Next, we consider the extent to which the loader is regulated. Newton cites several statutes in arguing that the loader is heavily regulated. However, we do not find that these statutes apply to the loader. As special mobile equipment, the loader is exempt from some regulations designed for motor vehicles operating on highways. See, e.g. , § 316.261(1), (3)(e). Additionally, many of the statutes would only apply to the loader if it were operated on a public highway. See §§ 316.217(1) (imposing headlight requirements for "[e]very vehicle operated upon a highway within this state" (emphasis added)); . 535(1) ("The gross weight imposed on the highway by the wheels of any one axle of a vehicle shall not exceed 20,000 pounds." (emphasis added)); . 614(3)(a) (defining "motor vehicle" for purpose of seat belt regulation as a "vehicle as defined in s. 316.003 which is operated on the roadways, streets, and highways of this state " (emphasis added)). Accordingly, the loader is not substantially regulated.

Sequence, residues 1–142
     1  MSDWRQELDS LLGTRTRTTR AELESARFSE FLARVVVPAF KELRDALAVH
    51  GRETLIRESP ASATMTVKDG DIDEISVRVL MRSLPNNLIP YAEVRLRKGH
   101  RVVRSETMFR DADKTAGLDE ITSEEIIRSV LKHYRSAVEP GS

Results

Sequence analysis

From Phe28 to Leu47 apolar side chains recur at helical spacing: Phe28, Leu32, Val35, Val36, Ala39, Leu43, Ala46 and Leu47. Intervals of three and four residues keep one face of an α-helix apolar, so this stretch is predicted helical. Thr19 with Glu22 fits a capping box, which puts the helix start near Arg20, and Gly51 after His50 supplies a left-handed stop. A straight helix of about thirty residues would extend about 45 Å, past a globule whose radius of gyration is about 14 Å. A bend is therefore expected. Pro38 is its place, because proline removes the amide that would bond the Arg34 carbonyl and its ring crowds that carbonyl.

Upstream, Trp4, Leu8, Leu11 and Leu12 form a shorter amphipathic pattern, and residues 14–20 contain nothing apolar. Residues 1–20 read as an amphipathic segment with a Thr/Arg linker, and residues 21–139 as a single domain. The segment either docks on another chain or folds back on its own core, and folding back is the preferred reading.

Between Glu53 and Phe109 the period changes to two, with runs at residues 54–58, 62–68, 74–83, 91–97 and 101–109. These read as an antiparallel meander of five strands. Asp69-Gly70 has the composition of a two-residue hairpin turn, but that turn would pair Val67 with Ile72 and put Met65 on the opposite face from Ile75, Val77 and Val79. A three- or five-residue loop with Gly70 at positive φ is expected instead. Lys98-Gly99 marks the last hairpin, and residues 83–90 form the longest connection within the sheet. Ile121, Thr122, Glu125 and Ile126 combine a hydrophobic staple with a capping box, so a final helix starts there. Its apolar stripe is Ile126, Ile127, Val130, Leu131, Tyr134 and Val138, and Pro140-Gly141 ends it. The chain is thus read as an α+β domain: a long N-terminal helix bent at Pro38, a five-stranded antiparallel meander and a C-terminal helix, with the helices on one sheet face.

Further, we consider the relative danger posed by the loader. According to Caterpillar's expert, Ron Reinholdt, accidents involving injury are exceedingly rare—accidents involving injury to third parties only occur once every 1102 years of continuous loader operation. There is no record evidence to otherwise suggest that the loader has a high accident rate. Additionally, the type of injury in this case favors a finding that the loader is not a dangerous instrumentality. According to Caterpillar's databases, most incidents involved injury to the operator of the loader. Accidents involving third parties were even rarer than injuries to service technicians. The accident occurring in this case and the evidence of other accidents are not akin to the type of accidents caused by the operation of motor vehicles. See Meister v. Fisher , 462 So.2d 1071, 1073 (Fla. 1984) ("[A] golf cart when negligently operated on a golf course, has the same ability to cause serious injury as does any motor vehicle operated on a public highway."); Harding , 559 So.2d at 108 (holding that a forklift is a dangerous instrumentality where it was involved in a collision with an automobile). Thus, the relative danger posed by the instrumentality is low.